But we are still investigating things on a micro-, how-does-this-affect-me-as-a-consumer scale. We have been asking about my audiovisual experience, my artistic enlightenment. This is fine as far as it goes, but there are whole other ways to look at the streaming shift. The rise of streaming has shifted barriers to entry, spawned a new cabal of powerbrokers, and distorted market dynamics stretching back decades. This wave of disruption has been billed as a great democratizing force, but there are reasons for concern.
This is an area where many pro-streaming activists get most zealous in their quasi-moral reasoning. Streaming improves access, they argue, and is therefore per se a more democratic method of distribution. Ava DuVernay’s 13th doesn’t have to platform off of New York and LA just to bum around a few arthouse theatres until it disappears. Just put it on Netflix and it can be seen by hundreds of millions of people on the first day.21 DuVernay herself has praised Netflix for just this reason.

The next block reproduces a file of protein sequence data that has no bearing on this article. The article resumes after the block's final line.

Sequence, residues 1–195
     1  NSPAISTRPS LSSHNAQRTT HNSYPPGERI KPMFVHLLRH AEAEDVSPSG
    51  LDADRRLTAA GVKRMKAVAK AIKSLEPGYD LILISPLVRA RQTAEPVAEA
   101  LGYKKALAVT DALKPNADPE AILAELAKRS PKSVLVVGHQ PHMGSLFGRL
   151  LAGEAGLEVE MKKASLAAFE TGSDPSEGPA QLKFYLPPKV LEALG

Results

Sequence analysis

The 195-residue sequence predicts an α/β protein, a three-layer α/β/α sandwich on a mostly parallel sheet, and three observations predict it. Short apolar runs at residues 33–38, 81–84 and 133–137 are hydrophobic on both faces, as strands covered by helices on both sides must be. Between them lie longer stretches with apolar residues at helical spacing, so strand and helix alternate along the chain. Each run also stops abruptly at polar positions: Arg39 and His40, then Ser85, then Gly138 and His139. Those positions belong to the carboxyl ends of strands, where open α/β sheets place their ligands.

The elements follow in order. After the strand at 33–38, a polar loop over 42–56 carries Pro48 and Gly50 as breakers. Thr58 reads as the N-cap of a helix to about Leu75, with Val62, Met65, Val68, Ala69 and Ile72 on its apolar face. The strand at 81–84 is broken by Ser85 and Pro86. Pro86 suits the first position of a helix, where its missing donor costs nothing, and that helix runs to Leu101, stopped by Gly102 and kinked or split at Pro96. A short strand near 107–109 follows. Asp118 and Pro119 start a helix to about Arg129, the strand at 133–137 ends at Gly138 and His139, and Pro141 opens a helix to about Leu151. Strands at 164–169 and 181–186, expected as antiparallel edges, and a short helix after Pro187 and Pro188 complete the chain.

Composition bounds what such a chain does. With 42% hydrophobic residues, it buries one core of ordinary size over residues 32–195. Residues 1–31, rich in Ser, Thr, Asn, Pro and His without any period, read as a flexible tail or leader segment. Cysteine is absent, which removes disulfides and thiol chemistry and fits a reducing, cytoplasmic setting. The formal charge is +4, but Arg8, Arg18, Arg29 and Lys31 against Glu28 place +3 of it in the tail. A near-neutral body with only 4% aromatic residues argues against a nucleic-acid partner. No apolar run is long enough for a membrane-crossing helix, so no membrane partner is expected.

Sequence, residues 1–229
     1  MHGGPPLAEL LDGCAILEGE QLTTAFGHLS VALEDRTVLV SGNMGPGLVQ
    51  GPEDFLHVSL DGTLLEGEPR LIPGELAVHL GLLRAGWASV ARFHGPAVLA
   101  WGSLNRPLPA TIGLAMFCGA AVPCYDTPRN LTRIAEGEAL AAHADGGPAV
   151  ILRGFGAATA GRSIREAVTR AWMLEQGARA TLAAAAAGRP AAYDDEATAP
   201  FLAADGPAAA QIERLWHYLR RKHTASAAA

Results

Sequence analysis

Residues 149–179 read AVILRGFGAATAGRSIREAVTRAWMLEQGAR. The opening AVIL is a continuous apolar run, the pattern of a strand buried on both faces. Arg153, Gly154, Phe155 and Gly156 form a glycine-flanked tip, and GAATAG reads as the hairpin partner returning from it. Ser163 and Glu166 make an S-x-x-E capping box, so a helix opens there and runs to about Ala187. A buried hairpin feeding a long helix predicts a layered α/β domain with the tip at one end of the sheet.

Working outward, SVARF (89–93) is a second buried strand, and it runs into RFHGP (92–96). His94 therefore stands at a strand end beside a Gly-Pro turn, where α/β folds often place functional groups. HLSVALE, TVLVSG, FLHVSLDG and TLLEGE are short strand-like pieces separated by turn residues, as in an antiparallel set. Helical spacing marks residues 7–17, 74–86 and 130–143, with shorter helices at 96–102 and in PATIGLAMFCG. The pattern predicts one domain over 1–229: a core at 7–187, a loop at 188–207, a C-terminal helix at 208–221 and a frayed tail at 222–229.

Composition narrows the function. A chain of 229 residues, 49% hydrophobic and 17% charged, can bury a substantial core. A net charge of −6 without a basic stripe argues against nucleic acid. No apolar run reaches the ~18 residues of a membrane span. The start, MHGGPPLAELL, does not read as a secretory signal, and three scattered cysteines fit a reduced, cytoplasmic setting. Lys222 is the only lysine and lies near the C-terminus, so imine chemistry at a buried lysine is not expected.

But imagine for a moment that you are not a consumer trying to argue that your monthly $20 might entitle you to all movies forever. Imagine that, like most people, you are more than a consumer. Perhaps you make things, either for work or extracurricularly. Perhaps you vote. Perhaps you educate others, or provide medical care for them. Perhaps you parent. Perhaps you are good at fixing broken things. Perhaps you clean the parks in your neighborhood. At the very least, I’m sure you are aware that people somewhere do fill all these roles and more. And yet the second a transaction gets brought up, even if only $20 for Netflix, decades of Chicago School economic jibberjabber kick in,22 and we all tend to think of ourselves as consumers first if not only: if the product doesn’t blow up or cost ten cents more, what else can a consumer ask for?
A worker, however, can ask for plenty more. Safe working conditions, for example. Fair wages. Avenues for redress in case of malpractice. Paid leave for illness or parenting. A producer can ask for a fair market. A citizen can ask that a company not subvert democracy. To be clear, I’m not accusing Netflix of poor working conditions – most of what I’ve heard is the opposite.23 I’m simply pointing out that there are metrics to consider beyond just comparing end-user price vs. total number of movies.24